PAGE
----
My daughter recently shared an article on parenting called, “The Gift of the Good Enough Mother.” (http://seleni.org/advice-support/article/the-gift-of-the-good-enough-mother?nl=style&emc=edit_ml_20150730) The theory isn’t new—decades ago an English pediatrician and psychoanalyst developed the notion of the best mother as being a real one who helps the child grow to independence. While the mother tends to the newborn’s every needs as much as possible, over time she gradually reduces her level of responsiveness, and even makes mistakes now and then. The child learns to adapt to a world where her every whim isn’t answered, where she has to share, where she has to wait for mom or dad’s attention. This teaches her how to cope with an imperfect world.
I love this concept because it takes some pressure off parents. Of course, you can’t slack when it comes to safety. It’s not okay to say that getting the kid into the car, but without a child restraint, was just being a “good enough parent.” And if you never pay attention to your child, and never listen to what he wants, he may grow up distrusting people. But there’s a lot of wiggle room between striving for perfection and neglecting your child. Your house doesn’t have to be spotless, you don’t need to host elaborate dinners, and you don’t need to volunteer for every school committee. You just need to figure out what works for you, your family, and your child.
In fact I like this idea so much that I think it should be extended to “Good Enough Grandparent.” I’ve come up with some examples.
A “Good Enough Grandma:”
Does a lot of babysitting, in part because she wants to help her own children, but mostly because she wants to be close to her grandchildren.
Helps out financially when she can, but enjoys seeing her children being careful about money.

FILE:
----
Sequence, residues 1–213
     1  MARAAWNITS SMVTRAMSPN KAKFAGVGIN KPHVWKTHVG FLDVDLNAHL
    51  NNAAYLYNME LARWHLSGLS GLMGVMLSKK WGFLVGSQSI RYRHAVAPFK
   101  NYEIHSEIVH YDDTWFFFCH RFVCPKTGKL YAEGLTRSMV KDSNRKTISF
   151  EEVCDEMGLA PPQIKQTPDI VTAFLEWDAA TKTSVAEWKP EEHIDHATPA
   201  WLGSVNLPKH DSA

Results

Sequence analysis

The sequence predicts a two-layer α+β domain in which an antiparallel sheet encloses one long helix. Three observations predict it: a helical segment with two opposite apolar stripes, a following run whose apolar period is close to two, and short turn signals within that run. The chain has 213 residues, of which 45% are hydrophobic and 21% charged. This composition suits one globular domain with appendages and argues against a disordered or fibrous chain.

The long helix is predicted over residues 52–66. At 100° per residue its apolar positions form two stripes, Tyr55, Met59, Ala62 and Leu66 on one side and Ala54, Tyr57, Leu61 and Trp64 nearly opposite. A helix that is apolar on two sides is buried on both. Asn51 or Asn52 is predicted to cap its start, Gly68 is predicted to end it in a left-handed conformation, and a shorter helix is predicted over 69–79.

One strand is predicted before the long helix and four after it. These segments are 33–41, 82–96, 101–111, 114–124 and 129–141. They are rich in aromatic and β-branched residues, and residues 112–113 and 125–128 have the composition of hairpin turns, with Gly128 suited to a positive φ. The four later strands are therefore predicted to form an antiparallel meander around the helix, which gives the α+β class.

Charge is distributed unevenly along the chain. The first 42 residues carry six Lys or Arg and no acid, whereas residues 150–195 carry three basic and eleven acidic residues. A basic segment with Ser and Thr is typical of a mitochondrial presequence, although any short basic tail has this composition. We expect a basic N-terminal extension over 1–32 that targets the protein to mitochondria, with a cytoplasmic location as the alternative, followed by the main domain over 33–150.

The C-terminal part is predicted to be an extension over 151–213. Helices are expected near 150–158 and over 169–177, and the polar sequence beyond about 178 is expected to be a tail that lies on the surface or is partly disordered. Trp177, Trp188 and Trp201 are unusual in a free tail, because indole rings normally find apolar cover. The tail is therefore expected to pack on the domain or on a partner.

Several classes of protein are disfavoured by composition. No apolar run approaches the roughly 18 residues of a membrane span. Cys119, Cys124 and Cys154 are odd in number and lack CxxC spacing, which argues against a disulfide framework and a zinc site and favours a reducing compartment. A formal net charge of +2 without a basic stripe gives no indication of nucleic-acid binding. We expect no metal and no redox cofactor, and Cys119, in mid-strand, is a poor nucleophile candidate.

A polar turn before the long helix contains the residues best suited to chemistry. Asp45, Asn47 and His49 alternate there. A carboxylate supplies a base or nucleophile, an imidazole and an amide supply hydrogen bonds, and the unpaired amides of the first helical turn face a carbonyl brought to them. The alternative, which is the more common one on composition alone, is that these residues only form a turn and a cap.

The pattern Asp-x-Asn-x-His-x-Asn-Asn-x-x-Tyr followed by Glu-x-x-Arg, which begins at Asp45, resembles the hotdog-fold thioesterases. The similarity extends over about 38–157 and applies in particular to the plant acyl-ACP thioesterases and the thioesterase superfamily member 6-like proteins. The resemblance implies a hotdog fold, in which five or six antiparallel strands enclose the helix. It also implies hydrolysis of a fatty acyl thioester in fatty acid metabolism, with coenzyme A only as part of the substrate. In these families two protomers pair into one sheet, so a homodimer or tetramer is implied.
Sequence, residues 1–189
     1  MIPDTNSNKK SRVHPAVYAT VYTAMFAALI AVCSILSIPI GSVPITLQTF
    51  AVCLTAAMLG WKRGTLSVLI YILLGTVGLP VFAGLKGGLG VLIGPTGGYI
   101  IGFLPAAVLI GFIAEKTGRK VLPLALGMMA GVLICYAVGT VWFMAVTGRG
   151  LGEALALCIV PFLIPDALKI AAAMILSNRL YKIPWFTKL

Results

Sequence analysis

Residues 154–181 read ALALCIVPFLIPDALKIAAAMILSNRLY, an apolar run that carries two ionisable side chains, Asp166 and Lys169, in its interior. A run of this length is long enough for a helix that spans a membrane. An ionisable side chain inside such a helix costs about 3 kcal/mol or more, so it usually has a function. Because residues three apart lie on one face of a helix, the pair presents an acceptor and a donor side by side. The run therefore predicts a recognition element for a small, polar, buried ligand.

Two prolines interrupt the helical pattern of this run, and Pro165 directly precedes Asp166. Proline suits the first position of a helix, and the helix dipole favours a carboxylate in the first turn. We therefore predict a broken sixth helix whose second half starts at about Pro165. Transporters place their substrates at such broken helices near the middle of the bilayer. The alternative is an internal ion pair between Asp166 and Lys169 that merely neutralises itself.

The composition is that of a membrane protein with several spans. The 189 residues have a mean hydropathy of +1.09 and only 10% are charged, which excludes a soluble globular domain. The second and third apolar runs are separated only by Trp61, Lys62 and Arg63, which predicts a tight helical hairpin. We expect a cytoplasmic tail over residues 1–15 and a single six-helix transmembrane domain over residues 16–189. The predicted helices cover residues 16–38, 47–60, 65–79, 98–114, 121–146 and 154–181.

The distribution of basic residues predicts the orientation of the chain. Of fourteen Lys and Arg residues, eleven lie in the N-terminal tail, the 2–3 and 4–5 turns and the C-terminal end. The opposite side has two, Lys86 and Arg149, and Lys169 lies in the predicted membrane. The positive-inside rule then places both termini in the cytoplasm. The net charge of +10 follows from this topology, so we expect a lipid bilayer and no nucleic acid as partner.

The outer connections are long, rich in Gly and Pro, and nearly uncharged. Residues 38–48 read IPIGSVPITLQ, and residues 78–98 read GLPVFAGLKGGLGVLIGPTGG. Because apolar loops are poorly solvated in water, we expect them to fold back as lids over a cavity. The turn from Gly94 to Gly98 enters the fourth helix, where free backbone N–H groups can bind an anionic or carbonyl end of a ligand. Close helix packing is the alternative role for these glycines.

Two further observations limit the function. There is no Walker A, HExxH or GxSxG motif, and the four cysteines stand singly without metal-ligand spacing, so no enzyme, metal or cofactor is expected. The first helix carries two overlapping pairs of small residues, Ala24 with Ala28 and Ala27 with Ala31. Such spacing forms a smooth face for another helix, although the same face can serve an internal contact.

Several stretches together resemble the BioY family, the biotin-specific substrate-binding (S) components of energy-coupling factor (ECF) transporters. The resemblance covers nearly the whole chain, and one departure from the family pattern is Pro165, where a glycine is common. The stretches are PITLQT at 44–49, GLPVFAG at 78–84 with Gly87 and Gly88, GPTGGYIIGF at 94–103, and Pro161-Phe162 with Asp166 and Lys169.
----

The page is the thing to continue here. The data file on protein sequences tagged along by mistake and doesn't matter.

Doesn’t bake cookies, for the simple reason that she can’t eat them and doesn’t want the temptation. She knows she’ll lose points for this when the grandchildren realize that grandmothers are supposed to make them treats.
Begs the parents for a set of rules (naptime, bottle, feeding, schedules, anything), and then texts the parents repeatedly for clarification.
Agrees to a babysitting schedule that works for her, and rearranges her other activities only for babysitting emergencies.
Learns and re-learns lullabies and toddler songs, but doesn’t worry about her off-key renditions.
Wriggles around the “no food in the living room” regulation. Who says the kids can’t eat right at the border between the dining room and living room, on a towel spread out to mimic a picnic?
Neglects to have the kids use the potty as often as she should, then shrugs her shoulders as she tells Mom that the toddler had a little accident that day.
Sometimes forgets to implement the behavioral techniques Mom and Dad use. So instead of asking a shrieking kid if he’s upset, telling him to take a few breaths to calm down, and asking if he want a hug, Grandma says, “Don’t yell at me, you’re hurting my ears.”
Says “no” to finger painting when Mom or Dad will be home soon, because she doesn’t feel like cleaning up a huge mess when she’s about to go off duty.
Says “yes” to blowing bubbles even though she knows she and the kids will be completely covered with slimy, liquid soap and there isn’t enough time for a bath before dinner.
Doesn’t learn to knit just to prove she’s a caring grandmother. This is similar to the cookie issue above. While there’s no health reason to prevent her from knitting, the talent and patience needed are beyond her abilities.
Doesn’t let sneezing, coughing kids share drinks and food with her. This probably has no effect on transmission of viruses, because she’s getting super-exposed from wiping their noses and breathing the air they just coughed into. But it makes her feel better.
When you think of it, being a “Good Enough Grandma” is beneficial for the grandchildren’s parents. While they know you made mistakes in parenting them (and only their therapists understand the magnitude of damage), they probably don’t realize how you screwed up in their toddler years. Now they can see it first-hand, and can rest assured that their parenting abilities are so much better.
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